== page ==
Matt Hancock warns vaccinated population about transmission
The Health Secretary said there is still a real danger those vaccinated against Covid could spread the virus through the population. He urged the public to continue to abide by social distancing measures.
While the coronavirus jabs stop the large majority from becoming ill from Covid, it is still possible those immunised can carry it and pass it on to others.
He said: “The responsibility for the fightback against this disease rests on all of us.
“This is true when it comes to maintaining the rules and social distancing.
“Social distancing works by denying the vaccine the social contact it needs to spread.
“Even if you have had the jab, the rules still apply.
“There’s two reasons for this: first, because the protection takes time. Your body’s immune system is only fully trained up around three weeks after your jab.
“Second, even if you have the protection yourself, we still don’t know whether you can pass coronavirus on to someone else.”
Mr Hancock added Ministers were looking at the evidence about transmission “very carefully” and vowed they would “publish information on it as soon as we have it available”.
His warning came after the latest data indicated one in nine adults across the UK have been given a coronavirus antidote.
A total of 6.6 million have been inoculated, putting Britain on track to give a dose to all of the 13 million most vulnerable by the Government’s February 15 target date.
Over-70s, care home residents and workers, and NHS staff are all included within the top four priority groups who Ministers are aiming to have vaccinated by the middle of next month.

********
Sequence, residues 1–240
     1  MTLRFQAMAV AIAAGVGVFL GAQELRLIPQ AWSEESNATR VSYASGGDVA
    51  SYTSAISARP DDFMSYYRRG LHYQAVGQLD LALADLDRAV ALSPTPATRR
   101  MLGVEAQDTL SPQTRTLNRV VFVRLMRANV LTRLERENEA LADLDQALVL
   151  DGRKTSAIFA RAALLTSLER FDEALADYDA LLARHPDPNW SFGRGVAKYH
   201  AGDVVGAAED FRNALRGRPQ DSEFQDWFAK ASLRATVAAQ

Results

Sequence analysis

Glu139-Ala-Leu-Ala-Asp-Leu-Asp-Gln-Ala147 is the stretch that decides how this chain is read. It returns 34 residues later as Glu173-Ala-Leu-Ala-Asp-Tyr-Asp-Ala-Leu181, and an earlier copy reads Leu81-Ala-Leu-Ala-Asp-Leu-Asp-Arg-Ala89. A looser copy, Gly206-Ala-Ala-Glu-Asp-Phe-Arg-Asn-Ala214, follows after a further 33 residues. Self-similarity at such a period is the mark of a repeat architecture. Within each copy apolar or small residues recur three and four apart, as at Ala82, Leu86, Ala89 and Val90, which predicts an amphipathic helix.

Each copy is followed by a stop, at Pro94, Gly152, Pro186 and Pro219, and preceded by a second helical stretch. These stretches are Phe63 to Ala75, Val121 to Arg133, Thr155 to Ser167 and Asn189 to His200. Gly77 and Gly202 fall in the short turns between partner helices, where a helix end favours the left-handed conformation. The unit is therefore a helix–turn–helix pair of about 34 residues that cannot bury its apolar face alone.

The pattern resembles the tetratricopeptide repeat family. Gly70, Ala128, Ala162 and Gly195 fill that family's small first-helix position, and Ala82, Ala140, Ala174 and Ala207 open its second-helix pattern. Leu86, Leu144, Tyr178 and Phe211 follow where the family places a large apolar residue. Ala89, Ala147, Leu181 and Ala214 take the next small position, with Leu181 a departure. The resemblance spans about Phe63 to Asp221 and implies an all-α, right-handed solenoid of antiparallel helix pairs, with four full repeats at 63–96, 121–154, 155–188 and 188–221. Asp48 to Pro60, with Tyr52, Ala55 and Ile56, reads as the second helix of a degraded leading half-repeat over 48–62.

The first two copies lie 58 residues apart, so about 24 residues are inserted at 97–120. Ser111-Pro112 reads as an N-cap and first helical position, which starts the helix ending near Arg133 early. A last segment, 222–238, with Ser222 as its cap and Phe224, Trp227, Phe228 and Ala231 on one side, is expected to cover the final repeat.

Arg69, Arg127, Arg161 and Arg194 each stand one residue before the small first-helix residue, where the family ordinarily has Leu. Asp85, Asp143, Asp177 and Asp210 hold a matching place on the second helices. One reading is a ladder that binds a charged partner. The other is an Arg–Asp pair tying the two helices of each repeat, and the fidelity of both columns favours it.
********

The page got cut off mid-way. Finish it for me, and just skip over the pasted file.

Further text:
The Health Secretary said the NHS was now injecting 250 people every minute as the immunisation programme continues to ramp up.
The number of new coronavirus cases recorded over a 24 hour period is also continuing to drop with the 22,195 positive tests registered today.
Cases have dropped by 25 percent over the past week, while hospitalisations have also dropped 22 percent over the last seven days.
With fears the increase in vaccinations coupled with the decrease in cases could lead to the public being laxer about the rules, Mr Hancock this evening urged Brits not to “ease up”.
He said: “This is not a moment to ease up.
“The success of the vaccine rollout means we cannot put this progress at risk.”
The Health Secretary was joined at tonight’s televised briefing by Dr Jenny Harries, deputy chief medical officer for England.
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Warning the UK was “not out of this by a very long way”, she said there were three areas that clinical care was “juggling” with.
The first was the rates of infections, particularly among those aged 60 and above.
The second was needing to be “patient” about “understanding” the implementation of the vaccine programme.
Dr Harries said the third area was the winter pressures on the NHS, adding: “Alongside all of this, our health service has to deal with the increased rate of clinical admissions due to winter and cold weather.”